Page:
Intravenous high-dose enzyme replacement therapy with recombinant palmitoyl-protein thioesterase reduces visceral lysosomal storage and modestly prolongs survival in a preclinical mouse model of infantile neuronal ceroid lipofuscinosis
PPT1-related neuronal ceroid lipofuscinosis (NCL) is a lysosomal storage disorder caused by deficiency in a soluble lysosomal enzyme, palmitoyl-protein thioesterase-1 (PPT1). Enzyme replacement therapy (ERT) has not been previously examined in a preclinical animal model. Homozygous PPT1 knockout mice reproduce the known features of the disease, developing signs of motor dysfunction at 5months of age and death by around 8months. In the current study, PPT1 knockout mice were treated with purified recombinant PPT1 (0.3mg, corresponding to 12mg/kg or 180 U/kg for a 25g mouse) administered intravenously weekly either 1) from birth; or 2) beginning at 8weeks of age. The treatment was surprisingly well tolerated and neither anaphylaxis nor antibody formation was observed. In mice treated from birth, survival increased from 236 to 271days (p<0.001) and the onset of motor deterioration was similarly delayed. In mice treated beginning at 8weeks, no increases in survival or motor performance were seen. An improvement in neuropathology in the thalamus was seen at 3months in mice treated from birth, and although this improvement persisted it was attenuated by 7months. Outside the central nervous system, substantial clearance of autofluorescent storage material in many tissues was observed. Macrophages in spleen, liver and intestine were especially markedly improved, as were acinar cells of the pancreas and tubular cells of the kidney. These findings suggest that ERT may be an option for addressing visceral storage as part of a comprehensive approach to PPT1-related NCL, but more effective delivery methods to target the brain are needed.
[Show abstract][Hide abstract] ABSTRACT: The Neuronal Ceroid Lipofuscinoses (NCLs) are a group of fatal progressive neurodegenerative diseases predominantly affecting children. Identification of mutations that cause NCL, and subsequent functional and pathological studies of the affected genes, underpins efforts to investigate disease mechanisms and identify and test potential therapeutic strategies. These functional studies and pre-clinical trials necessitate the use of model organisms in addition to cell and tissue culture models as they enable the study of protein function within a complex organ such as the brain and the testing of therapies on a whole organism. To this end, a large number of disease models and genetic tools have been identified or created in a variety of model organisms. In this review, we will discuss the ethical issues associated with experiments using model organisms, the factors underlying the choice of model organism, the disease models and genetic tools available, and the contributions of those disease models and tools to NCL research. This article is part of a Special Issue entitled: The Neuronal Ceroid Lipofuscionoses or Batten Disease.
[Show abstract][Hide abstract] ABSTRACT: The Neuronal Ceroid Lipofuscinoses (NCL, Batten Disease) are a group of inherited neurodegenerative diseases. Infantile Neuronal Ceroid lipofuscinosis (INCL, Infantile Batten Disease, or infantile CLN1 disease) is caused by a deficiency in the soluble lysosomal enzyme palmitoyl protein thioesterase-1 (PPT1) and has the earliest onset and fastest progression of all the NCLs. Several therapeutic strategies including enzyme replacement, gene therapy, stem cell-mediated therapy, and small molecule drugs have resulted in minimal to modest improvements in the murine model of PPT1-deficiency. However, more recent studies using various combinations of these approaches have shown more promising results; in some instances more than doubling the life span of PPT1-deficient mice. These combination therapies that target different pathogenic mechanisms may offer the hope of treating this profoundly neurodegenerative disorder. Similar approaches may be useful when treating other forms of NCL caused by deficiencies in soluble lysosomal proteins. Different therapeutic targets will need to be identified and novel strategies developed in order to effectively treat forms of NCL caused by deficiencies in integral membrane proteins such as Juvenile Neuronal Ceroid Lipofuscinosis. Finally, the challenge with all of the NCLs will lie in early diagnosis, improving the efficacy of the treatments, and effectively translating them into the clinic.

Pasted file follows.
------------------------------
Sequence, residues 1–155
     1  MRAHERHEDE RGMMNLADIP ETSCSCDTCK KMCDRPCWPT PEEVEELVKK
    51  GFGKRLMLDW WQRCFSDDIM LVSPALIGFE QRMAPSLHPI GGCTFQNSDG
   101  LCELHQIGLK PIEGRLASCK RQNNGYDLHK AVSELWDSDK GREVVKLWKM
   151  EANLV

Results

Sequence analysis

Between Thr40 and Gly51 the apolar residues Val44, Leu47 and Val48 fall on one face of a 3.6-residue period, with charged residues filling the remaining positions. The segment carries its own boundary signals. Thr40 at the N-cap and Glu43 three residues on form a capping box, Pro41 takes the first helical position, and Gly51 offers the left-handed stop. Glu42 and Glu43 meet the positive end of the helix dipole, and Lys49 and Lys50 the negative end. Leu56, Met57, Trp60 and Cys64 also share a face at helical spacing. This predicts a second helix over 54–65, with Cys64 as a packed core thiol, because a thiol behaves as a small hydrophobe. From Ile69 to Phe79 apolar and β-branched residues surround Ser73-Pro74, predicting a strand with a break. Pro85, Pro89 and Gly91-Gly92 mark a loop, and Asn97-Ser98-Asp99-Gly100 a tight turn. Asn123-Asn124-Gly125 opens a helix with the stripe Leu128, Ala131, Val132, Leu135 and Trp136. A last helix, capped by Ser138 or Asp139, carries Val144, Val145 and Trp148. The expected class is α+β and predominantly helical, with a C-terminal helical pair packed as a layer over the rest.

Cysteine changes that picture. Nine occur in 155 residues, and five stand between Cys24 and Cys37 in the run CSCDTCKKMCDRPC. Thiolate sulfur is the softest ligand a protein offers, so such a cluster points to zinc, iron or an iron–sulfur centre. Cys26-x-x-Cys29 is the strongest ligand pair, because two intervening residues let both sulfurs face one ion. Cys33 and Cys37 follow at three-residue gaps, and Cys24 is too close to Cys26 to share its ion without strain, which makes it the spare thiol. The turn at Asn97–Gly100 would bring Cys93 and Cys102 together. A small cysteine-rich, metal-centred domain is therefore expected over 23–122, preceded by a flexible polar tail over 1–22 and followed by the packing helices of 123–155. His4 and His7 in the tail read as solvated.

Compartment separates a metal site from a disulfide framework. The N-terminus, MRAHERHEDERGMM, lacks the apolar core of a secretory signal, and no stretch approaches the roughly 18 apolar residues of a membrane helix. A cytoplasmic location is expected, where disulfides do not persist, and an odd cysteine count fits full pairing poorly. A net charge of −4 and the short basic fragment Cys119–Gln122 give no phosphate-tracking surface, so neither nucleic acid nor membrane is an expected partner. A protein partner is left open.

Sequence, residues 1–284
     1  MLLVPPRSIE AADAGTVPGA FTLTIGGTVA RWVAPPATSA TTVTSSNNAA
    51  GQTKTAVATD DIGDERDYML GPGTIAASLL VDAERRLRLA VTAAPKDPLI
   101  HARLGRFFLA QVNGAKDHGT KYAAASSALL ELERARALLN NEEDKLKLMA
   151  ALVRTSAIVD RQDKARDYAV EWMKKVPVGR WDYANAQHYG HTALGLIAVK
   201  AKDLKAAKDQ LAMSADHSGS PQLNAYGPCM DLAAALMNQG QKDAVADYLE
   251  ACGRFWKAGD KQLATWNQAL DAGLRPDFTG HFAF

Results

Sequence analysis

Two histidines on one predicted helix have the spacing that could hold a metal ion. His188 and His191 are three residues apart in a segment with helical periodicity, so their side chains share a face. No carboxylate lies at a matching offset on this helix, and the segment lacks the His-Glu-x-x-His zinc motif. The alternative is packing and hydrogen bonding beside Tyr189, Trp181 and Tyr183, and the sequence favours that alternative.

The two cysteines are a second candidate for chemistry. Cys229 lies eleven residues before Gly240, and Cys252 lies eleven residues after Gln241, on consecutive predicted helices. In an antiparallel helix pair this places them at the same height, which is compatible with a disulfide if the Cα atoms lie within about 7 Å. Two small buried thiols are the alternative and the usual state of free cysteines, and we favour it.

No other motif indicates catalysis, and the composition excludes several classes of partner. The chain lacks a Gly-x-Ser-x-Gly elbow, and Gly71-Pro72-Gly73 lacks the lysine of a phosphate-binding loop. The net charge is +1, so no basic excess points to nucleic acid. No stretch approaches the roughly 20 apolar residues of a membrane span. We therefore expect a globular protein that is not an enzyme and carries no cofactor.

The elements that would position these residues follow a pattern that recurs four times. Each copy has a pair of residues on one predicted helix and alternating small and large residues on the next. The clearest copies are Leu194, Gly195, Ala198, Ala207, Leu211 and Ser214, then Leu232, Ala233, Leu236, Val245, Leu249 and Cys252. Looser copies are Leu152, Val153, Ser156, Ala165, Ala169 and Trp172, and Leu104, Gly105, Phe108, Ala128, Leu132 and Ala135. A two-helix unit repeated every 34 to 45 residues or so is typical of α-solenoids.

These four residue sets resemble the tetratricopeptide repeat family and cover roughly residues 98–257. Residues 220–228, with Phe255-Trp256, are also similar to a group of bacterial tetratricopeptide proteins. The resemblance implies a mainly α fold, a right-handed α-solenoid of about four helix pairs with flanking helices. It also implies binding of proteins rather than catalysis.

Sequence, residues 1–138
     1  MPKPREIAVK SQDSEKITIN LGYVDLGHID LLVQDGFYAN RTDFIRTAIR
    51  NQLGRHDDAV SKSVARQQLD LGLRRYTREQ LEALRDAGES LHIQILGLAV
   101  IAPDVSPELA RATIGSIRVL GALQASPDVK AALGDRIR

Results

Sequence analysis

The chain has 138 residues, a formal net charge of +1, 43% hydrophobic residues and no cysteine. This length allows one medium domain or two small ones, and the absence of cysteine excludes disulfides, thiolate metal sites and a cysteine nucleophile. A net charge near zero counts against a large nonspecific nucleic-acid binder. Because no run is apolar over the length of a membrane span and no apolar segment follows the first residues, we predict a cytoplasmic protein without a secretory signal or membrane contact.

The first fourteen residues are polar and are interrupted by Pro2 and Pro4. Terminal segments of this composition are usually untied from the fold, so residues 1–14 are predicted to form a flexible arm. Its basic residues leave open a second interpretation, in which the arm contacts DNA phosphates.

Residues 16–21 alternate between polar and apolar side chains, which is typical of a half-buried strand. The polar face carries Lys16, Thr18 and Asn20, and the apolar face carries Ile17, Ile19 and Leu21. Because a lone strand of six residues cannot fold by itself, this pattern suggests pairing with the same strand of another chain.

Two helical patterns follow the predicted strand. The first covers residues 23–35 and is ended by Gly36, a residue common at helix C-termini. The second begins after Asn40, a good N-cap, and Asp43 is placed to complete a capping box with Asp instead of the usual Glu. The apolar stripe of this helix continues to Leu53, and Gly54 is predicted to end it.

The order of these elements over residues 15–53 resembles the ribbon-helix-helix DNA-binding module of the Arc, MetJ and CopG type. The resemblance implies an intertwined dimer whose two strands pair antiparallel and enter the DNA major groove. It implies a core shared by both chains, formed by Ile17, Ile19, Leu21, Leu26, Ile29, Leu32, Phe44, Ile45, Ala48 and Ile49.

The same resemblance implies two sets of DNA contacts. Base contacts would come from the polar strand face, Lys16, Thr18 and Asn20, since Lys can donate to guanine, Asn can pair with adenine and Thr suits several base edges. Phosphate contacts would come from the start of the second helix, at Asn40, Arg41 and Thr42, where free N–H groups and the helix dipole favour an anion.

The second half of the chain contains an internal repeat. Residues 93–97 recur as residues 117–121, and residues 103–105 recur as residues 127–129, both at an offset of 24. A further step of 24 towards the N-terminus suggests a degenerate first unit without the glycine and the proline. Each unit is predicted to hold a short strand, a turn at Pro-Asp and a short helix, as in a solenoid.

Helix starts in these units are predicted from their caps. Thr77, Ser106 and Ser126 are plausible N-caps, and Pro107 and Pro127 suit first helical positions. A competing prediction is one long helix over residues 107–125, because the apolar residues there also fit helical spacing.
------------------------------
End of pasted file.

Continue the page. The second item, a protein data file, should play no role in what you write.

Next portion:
[Show abstract][Hide abstract] ABSTRACT: The infantile form of neuronal ceroid lipofuscinosis (ie, infantile Batten disease) is the most rapidly progressing type and is caused by an inherited deficiency in the lysosomal enzyme palmitoyl protein thioesterase 1. The absence of enzyme activity leads to progressive accumulation of autofluorescent material in many cell types, particularly neurons of the central nervous system. Clinical signs of infantile neuronal ceroid lipofuscinosis appear between 6 months and 1 year of age and include vision loss, cognitive decline, motor deficits, seizures, and premature death, typically by 3 to 5 years of age. There is currently no effective treatment. However, preclinical experiments in the murine model of infantile neuronal ceroid lipofuscinosis have shown that gene therapy, enzyme replacement, stem cell transplantation, and small-molecule drugs, alone or in combination, can significantly slow disease progression. A more thorough understanding of the underlying pathogenesis of infantile neuronal ceroid lipofuscinosis will identify new therapeutic targets.
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